“The functions of a language, as defined as what one in fact does with it, can be directly observed in the language behaviour of the population of any area. The status  of a language can often be modified by changing its functions.”

So what does this have to do with OER and open?

Status is also “what one can do with a language also depends on what  is available in it – books, films, and other cultural products (cultural status)” .  Demographic status is important in the cultural production since it is tied to economic power to some extent.  This is how Mackey relates the two in relation to literacy (note – he was writing this in 1976)

 ” the production of reading material – books, newspapers, magazines – whether undertaken by the state or by private enterprise, is an economic undertaking.  Literate people who can afford to produce and market books in their language promote it’s usefulness in as much as people buy and read their products.  Being economically dominant, their language is likely to be that of trade, commerce and industry, and as such a valuable language.  The same people can afford to travel and to invest, thus expanding abroad both their activities and their language “

It’s interesting to consider this quote by replacing reading material with OER, and situating it in a context of knowledge production and digital divide.  Importantly, the more functions a language has, the more status it will have. This is not a problem per se, unless it is being done at the expense of the other languages, which some argue is in the case of English (more on this in Ingrid Pillar’s book, see also Phillipson ).  We see this in the growth of academic publishing in English (and resulting inequalities), the   growth and availability of English language university programs in nations where English is not the traditional language of higher education, or in the massive English as a Foreign language teaching industry –  all are evidence of an increase in the function and therefore status of English.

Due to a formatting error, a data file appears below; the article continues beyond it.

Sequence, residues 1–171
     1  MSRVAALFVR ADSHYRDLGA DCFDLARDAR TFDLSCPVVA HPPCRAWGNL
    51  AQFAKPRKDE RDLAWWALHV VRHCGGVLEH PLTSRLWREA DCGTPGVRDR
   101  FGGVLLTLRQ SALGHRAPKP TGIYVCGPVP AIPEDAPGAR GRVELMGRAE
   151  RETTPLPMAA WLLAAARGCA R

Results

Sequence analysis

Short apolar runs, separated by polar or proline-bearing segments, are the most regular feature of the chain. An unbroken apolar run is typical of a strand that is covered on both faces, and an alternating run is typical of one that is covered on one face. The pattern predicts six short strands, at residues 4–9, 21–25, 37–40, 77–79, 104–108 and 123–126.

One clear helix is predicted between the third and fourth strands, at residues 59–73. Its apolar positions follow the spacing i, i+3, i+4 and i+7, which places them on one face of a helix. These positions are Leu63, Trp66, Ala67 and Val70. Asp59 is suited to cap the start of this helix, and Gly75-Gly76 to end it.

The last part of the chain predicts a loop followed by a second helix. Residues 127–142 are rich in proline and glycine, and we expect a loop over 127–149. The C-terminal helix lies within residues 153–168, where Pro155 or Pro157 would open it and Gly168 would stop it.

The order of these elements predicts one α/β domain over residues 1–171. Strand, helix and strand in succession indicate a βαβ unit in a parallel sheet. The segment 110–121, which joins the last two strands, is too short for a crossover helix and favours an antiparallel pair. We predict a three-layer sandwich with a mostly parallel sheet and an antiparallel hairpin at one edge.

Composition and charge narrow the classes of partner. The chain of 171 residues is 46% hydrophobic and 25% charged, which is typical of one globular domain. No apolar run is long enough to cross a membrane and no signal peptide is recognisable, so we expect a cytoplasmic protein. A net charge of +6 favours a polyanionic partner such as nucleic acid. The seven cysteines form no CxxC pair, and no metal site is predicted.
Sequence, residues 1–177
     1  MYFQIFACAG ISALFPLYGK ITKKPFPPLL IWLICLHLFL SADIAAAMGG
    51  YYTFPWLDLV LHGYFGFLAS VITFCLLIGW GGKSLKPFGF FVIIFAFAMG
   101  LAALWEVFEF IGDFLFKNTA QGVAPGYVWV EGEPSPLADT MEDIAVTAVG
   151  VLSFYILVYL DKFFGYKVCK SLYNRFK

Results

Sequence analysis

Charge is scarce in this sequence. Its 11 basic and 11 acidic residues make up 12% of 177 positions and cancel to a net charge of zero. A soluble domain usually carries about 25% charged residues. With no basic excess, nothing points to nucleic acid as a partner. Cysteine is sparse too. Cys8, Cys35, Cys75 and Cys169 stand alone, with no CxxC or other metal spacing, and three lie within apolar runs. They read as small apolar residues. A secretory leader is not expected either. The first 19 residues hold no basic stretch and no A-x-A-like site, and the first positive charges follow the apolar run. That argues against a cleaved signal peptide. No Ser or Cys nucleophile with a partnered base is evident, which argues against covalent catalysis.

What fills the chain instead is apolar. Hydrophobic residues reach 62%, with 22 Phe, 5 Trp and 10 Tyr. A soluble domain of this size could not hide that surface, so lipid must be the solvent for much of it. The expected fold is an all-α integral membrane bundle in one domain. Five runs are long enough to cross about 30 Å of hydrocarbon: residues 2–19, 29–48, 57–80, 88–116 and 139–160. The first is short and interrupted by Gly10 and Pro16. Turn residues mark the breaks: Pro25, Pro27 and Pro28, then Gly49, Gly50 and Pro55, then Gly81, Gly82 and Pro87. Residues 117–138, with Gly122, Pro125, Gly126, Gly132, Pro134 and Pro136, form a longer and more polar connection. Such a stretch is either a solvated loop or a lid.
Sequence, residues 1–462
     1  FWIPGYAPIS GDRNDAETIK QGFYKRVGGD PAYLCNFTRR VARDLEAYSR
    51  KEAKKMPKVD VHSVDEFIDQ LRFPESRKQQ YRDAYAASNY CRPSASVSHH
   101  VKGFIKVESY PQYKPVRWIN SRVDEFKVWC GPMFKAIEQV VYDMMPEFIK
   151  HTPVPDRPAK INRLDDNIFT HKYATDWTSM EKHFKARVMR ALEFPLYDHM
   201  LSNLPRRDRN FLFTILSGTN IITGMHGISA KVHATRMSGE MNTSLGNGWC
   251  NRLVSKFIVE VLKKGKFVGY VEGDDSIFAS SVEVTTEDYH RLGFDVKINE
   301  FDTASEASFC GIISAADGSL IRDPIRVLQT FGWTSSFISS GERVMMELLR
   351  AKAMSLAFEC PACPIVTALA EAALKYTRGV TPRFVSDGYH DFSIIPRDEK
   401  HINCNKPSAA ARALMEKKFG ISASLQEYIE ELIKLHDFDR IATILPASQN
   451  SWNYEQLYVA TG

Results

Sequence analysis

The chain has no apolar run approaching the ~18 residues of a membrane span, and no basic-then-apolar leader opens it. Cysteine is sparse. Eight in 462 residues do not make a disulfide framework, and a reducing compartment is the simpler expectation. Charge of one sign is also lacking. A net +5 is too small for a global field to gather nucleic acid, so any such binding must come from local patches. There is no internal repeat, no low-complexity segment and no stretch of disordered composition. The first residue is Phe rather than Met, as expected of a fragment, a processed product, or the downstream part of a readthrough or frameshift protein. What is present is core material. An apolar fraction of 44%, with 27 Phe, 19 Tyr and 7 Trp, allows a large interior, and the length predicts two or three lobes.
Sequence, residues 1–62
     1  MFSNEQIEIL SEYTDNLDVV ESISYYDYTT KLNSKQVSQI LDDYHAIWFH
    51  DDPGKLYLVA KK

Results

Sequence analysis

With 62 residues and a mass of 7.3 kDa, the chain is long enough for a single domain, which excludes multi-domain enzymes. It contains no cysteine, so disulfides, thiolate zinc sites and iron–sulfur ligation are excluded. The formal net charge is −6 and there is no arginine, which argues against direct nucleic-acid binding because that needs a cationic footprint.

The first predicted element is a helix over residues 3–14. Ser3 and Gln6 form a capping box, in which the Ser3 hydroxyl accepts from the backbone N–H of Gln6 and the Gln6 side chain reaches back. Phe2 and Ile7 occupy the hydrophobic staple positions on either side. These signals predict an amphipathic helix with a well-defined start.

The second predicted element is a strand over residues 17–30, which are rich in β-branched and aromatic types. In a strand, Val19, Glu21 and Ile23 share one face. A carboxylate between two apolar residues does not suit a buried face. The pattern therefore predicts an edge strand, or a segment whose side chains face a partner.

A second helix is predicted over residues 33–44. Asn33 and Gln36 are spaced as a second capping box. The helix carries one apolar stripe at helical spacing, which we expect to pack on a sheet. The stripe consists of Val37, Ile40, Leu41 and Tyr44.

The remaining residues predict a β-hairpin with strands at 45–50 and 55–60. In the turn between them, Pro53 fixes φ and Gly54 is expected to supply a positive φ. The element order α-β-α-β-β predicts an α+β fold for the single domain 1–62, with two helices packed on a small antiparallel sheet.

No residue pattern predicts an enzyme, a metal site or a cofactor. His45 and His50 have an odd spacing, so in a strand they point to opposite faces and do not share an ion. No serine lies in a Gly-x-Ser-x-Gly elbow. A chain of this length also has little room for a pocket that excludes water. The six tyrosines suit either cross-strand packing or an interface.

The critical question for the open movement to consider is what is gained or lost when we feed the function/status machine of English.  For example, is it a detriment to scientific knowledge or is it a response to an economic necessity?  Who benefits and who is left out?  Does open benefit when it is multi-directional or is the predominance of English as a global language facilitating our efforts? My assessment leans towards the former – hence this project on OER in other languages- but I’m aware more scholarship and discussion is required.  As a parting thought, consider Skutnabb-Kanga’s (2000) distinction between an diffusion of language paradigm and an ecology of language paradigm.

So What’s the Takeaway?

The story of French in Quebec in the pre-1960s revitalization is one of a local French majority where French lost status, function, and ultimately prestige to an English minority.  This was reversed through government intervention and language planning, but continues to be an area that English Canada has difficulty understanding but makes total sense from a Mackey framework perspective.   The important takeaway from this example is that the framework not only describes what is happening, but also gives us some mechanisms for shifting it if we choose.  We have some agency in the open community to care about language planning and insert it in our conversations about OER and social justice.